Tuesday, February 3, 2015
The Girl on the Train
by Paula Hawkins
Riverhead Books 2015
336 Pages Mystery/Thriller
Rachel's life is a mess. She's divorced, jobless, alcoholic. She gets on the train every morning from her London suburb and wanders the city until work hours are over, when she returns to the flat she shares with a friend. She can't bear to tell her friend that she has no job. One of the daily train stops is opposite the house that she shared with her husband Tom, who now lives there with his new wife Anna and their baby. Every day she stares at the house where she feels her life disintegrated. She also stares at a neighboring house and fantasizes about the young couple that lives there—creating an entire life scenario for them. When the young wife, Megan, disappears, Rachel realizes that she has important information that must be shared .
Rachel, however, is not the only unreliable narrator of the enfolding story. Anna tells the story from her point of view, as does Megan. They are not the only unreliable people involved in the story: Rachel's ex-husband Tom as well as Megan's husband Scott may also be unreliable witnesses to the unfolding events. To tell any more of the plot would spoil the fun.
The emphasis of the The Girl on the Train is on the mysteries that surround the people that we think we know, even our spouses. The reviewer in the Boston Globe says that "Hawkins emphasizes the parallels among these three ostensibly different women, and close the book with the knowledge that they share—as we might—unexpected affinities with people they pass by each day, those who they see but will never truly know."
Rachel interjects herself into the lives of the people at that train stop in ways that most people would not do, nor would they think of doing. That doesn't keep the majority of us from fantasizing a bit about what it would be like to live in some other place or some other house or with some other person. Does that make us unreliable witnesses to the events of our own lives?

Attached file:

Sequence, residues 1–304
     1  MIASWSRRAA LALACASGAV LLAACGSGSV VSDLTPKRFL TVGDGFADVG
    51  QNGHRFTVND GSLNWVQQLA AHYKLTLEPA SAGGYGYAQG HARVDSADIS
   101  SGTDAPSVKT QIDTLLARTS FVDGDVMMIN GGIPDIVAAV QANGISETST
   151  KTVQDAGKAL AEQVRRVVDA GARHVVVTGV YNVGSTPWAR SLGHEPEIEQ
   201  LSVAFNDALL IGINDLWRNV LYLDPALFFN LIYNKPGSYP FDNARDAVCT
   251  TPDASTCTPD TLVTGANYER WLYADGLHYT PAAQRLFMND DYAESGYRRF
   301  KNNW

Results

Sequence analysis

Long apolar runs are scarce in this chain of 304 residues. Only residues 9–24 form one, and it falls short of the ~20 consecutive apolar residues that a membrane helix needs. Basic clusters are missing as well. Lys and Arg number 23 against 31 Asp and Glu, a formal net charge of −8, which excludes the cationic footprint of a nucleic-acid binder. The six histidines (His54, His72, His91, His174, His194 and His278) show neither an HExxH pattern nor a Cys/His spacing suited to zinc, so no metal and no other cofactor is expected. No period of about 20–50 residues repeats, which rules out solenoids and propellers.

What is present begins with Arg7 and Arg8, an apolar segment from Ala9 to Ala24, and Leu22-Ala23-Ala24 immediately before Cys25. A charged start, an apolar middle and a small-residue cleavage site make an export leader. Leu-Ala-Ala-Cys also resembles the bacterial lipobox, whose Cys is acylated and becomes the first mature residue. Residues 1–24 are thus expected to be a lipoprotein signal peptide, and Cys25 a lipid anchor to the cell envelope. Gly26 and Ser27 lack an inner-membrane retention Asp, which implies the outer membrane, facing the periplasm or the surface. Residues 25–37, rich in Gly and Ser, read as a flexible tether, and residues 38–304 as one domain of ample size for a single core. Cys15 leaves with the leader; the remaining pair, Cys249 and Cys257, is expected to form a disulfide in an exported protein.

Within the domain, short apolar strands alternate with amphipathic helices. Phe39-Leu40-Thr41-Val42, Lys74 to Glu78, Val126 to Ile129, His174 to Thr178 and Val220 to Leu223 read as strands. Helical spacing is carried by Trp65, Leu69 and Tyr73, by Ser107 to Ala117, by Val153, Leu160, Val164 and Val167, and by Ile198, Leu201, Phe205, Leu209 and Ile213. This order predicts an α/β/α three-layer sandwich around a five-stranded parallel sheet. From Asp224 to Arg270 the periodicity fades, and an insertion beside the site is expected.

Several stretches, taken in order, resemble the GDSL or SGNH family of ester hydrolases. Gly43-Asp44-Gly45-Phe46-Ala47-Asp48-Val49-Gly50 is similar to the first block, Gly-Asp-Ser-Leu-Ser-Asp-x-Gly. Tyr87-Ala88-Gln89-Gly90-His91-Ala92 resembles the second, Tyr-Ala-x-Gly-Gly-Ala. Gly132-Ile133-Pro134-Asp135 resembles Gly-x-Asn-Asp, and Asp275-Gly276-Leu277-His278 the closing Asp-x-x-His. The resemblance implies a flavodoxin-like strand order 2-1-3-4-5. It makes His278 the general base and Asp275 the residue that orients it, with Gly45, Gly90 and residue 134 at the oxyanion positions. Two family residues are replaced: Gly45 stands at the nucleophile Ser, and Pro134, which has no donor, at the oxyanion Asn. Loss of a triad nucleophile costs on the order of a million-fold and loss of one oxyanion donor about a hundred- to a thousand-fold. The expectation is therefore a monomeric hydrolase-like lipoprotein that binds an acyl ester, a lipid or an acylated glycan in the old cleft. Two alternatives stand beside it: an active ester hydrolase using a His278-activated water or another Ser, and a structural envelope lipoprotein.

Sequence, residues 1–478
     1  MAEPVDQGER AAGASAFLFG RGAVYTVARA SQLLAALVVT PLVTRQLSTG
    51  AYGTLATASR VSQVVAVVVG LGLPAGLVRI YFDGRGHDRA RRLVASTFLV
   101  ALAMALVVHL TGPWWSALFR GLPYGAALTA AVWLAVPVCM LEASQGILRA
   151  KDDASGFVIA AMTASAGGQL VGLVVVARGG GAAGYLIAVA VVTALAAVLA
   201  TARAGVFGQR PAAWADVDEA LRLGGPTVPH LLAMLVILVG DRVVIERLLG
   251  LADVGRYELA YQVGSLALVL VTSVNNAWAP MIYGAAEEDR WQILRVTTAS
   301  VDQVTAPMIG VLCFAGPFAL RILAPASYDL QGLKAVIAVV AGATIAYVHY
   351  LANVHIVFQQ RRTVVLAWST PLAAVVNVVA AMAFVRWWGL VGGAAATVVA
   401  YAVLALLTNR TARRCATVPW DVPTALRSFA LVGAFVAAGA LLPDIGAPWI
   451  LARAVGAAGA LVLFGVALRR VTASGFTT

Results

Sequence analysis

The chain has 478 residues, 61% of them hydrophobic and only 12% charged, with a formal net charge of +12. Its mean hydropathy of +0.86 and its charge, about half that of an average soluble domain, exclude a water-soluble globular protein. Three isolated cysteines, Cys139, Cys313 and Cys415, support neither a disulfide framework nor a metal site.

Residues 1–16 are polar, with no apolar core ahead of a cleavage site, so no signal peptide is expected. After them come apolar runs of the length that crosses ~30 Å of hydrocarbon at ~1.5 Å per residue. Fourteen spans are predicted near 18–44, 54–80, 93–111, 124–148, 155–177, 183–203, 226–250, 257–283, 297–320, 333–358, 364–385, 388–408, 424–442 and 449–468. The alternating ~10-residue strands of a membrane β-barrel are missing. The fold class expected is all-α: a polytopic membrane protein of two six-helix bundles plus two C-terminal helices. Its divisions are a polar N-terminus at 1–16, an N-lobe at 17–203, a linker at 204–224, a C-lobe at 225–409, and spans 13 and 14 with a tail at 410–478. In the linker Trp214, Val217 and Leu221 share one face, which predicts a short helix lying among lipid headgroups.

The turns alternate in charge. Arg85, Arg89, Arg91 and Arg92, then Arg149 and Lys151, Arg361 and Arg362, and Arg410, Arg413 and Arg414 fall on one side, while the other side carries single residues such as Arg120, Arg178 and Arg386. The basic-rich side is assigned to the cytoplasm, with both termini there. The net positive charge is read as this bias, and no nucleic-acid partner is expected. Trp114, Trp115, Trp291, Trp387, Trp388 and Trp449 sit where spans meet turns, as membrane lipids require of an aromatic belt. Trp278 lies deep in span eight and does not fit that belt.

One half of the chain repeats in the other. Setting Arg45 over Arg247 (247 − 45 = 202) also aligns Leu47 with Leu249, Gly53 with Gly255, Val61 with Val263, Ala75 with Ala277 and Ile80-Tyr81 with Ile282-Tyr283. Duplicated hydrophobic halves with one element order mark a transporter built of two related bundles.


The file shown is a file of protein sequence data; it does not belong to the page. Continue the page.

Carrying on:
On a subway ride in New York City several years ago, I sat next to a young couple who were making out rather voraciously. Frankly, it was pretty disgusting. The man on the other side of the couple couldn't stand it anymore and complained loudly to the young man, who jumped up and yelled threateningly into the face of the complainer. When he finally calmed down, he sat back down and ranted on and on under his breath, until the complaining passenger got off the train. What was fascinating to me was not this scene, which was definitely a bit scary, but the reaction of the woman who was sitting opposite me. She was about my age and must have recognized that I was a tourist. She watched me intently through the entire incident, trying to decipher my reaction to the unfolding scene. She was trying to look at the world through my eyes. What is reality, and what is our perception of reality?
I was reminded of a beautiful mansion on the lake shore in Duluth, my home city. Every time I walked by it as a girl, I pretended that I lived there. The lawn, the gardens, the porches looking over the lake—magnificent. Then, one night, the owner was murdered by her son-in-law on the main stairway in the house. Suddenly, the house became a tourist attraction, and the beautiful fantasy became an ugly reality.
Everyone has compared The Girl on the Train with Gone Girl. I think that they are similar only because of the unreliable narrators. I enjoyed them both, although I think that Gone Girl twisted up my mind a bit more than The Girl on the Train. Read them and see what you think.
The New York Times did a very interesting article about the author, Paula Hawkins.
The Shelf Awareness review which calls The Girl on the Train an "intricate, multilayered psychological suspense debut."
The Boston Globe review.